The dog park should be a reward for your dog for being well behaved, but it should not be your outlet to get rid of your dogs energy in order for your dog to be well behaved. That just doesn’t work. Over and over again you’ll hear me talk about the importance of mental exercise over physical exertion. That is what Say It Once Dog Training is built on. If you are relying on purely physical means to get your dog calm, this tends to be an issue. Multiple dogs who are high strung in the same area competing for the same ball, affection, water fountain, new dog coming into the gate, will eventually lead to a mistake. Once again, a mistake isn’t the problem, how you react, or a lack of reaction to the mistake is a problem. This is where dogs get learned behaviors, and where big time problems appear. If everyone was committed to stopping their dogs ill behavior and working with their dog to be better behaved, it would be a beautiful process, but that’s not the case. Some people don’t care enough, and that’s okay! I’m just not going to put my dogs in a position where a mistake can be made.
If you are going to go to the park, that’s awesome! Let me give you some quick pointers on how to have a better behaved dog at the park.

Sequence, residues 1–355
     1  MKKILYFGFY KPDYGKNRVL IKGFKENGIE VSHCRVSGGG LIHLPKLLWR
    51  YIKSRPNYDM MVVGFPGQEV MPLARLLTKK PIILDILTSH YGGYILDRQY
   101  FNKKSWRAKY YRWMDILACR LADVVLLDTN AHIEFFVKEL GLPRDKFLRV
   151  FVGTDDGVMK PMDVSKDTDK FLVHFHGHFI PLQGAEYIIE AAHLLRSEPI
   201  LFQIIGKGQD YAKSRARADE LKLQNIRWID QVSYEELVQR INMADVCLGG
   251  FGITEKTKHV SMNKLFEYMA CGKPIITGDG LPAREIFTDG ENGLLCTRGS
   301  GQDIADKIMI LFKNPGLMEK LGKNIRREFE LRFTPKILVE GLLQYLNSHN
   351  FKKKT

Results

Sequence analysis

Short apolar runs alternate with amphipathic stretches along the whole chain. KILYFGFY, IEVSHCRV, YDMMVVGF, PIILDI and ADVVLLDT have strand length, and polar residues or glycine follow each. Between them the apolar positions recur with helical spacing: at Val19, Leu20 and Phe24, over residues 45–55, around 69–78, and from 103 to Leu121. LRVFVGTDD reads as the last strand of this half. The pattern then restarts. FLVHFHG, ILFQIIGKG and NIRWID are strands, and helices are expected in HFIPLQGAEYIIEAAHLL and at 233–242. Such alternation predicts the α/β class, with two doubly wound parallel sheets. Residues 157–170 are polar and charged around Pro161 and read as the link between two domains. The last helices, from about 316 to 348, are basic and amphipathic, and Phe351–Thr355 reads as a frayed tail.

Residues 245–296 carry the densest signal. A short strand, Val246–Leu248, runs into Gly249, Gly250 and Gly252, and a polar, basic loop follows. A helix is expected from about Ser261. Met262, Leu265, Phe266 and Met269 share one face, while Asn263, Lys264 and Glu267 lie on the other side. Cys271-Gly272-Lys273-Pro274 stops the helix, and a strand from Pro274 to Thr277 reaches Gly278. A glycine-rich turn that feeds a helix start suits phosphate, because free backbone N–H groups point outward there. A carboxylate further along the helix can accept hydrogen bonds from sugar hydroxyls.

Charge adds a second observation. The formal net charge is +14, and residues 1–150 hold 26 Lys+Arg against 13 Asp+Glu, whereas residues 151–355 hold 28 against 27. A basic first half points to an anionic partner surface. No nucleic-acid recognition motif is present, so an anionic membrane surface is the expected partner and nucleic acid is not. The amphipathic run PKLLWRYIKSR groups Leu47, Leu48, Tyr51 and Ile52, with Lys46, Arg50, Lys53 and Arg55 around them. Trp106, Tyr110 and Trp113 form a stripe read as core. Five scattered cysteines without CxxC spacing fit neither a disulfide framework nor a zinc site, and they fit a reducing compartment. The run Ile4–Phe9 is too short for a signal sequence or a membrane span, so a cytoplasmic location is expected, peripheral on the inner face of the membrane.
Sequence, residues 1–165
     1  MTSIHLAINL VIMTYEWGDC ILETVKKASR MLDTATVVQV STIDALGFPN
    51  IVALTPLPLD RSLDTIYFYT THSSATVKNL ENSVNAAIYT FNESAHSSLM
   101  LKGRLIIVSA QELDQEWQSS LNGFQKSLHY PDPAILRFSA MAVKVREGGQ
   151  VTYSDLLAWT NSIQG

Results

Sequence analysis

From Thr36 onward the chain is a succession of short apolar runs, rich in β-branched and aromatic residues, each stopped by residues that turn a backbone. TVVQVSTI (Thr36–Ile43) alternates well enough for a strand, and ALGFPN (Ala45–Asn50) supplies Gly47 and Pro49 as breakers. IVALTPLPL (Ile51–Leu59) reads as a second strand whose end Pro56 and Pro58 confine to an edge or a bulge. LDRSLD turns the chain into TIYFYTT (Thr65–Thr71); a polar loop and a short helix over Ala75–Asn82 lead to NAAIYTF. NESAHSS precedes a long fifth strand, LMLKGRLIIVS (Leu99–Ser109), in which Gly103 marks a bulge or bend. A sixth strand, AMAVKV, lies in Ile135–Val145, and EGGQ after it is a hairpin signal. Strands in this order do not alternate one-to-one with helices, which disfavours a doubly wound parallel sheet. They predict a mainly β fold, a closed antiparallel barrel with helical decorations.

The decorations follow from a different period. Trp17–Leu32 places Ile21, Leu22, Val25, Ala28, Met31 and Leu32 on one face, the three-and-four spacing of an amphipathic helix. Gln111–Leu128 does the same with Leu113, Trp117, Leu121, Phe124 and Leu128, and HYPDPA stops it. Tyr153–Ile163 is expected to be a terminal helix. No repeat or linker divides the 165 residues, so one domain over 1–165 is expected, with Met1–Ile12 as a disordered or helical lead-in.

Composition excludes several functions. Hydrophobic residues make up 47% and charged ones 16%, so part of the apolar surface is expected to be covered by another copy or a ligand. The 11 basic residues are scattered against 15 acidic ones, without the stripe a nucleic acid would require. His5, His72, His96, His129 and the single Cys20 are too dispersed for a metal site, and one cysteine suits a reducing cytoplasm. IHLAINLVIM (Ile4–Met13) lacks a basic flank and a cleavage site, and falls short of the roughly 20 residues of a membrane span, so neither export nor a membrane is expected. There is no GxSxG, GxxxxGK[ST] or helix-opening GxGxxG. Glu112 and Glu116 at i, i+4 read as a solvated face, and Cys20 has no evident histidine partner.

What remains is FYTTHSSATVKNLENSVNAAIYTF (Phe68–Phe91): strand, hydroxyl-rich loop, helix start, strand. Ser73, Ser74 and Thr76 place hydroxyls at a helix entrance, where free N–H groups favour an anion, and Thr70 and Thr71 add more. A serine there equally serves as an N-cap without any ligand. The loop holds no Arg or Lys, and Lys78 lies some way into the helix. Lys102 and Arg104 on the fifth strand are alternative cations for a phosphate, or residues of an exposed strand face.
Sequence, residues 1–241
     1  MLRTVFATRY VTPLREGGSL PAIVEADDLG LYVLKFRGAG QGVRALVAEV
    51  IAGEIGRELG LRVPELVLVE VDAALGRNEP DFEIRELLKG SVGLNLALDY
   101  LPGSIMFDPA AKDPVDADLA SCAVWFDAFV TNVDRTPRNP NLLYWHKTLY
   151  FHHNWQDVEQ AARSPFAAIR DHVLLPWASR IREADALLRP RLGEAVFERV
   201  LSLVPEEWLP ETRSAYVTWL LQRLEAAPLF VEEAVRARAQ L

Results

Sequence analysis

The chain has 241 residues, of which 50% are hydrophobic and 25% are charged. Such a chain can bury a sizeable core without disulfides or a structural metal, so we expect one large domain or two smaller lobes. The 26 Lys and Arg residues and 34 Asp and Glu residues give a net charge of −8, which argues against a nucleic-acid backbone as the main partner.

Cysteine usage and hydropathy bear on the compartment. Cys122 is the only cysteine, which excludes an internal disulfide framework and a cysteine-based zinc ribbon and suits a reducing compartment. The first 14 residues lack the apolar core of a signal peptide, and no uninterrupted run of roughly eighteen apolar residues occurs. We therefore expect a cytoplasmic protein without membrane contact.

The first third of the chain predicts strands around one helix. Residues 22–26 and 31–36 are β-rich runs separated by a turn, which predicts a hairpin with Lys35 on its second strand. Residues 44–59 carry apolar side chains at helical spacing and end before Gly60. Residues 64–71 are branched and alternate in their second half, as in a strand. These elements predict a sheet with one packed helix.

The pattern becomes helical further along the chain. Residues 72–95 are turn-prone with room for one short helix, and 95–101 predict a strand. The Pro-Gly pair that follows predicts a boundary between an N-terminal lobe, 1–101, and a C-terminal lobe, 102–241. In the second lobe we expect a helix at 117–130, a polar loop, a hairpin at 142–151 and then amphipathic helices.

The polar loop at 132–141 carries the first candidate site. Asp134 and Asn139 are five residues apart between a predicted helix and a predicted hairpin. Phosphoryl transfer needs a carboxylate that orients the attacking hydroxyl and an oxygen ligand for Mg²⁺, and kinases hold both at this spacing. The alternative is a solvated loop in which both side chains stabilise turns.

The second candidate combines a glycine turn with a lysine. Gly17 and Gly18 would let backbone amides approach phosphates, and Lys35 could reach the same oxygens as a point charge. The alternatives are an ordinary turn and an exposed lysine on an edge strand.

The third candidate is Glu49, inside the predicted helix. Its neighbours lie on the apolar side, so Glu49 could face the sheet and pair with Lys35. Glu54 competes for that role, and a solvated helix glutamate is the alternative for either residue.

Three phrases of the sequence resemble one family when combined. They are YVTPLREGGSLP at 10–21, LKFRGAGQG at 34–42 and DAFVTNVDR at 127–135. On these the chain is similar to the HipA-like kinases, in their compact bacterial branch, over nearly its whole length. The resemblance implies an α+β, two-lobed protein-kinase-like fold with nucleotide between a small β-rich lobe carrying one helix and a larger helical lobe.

It’s the small details that make the big picture, and that couldn’t be more true when talking about body positioning. Where your dog is sitting, or hanging out at, tells a story. If I’m having a conversation with you, and my dog positions himself directly in front of me, this is a big time problem. It seems so insignificant, because a mistake hasn’t happened, but as we know there is never a problem, until there is a problem.
You have to remember, dogs do not speak English. They speak through body language and energy. Every move is a sentence in the story. When a dog places themselves in between you and someone else, it will not always mean that my dog is trying to hurt or attack someone, far from it. However, it does put my dog in a position where they believe the can make decisions, and it puts them in a position of control. I’ve heard hundreds of stories in which this was the beginning, and the story ends with the stranger moving closer to the owner and their dog lunged and nipped. Here is the question. Why wouldn’t they? Once again, they’ve been in a position of protection and control through the entirety of your conversation with this stranger.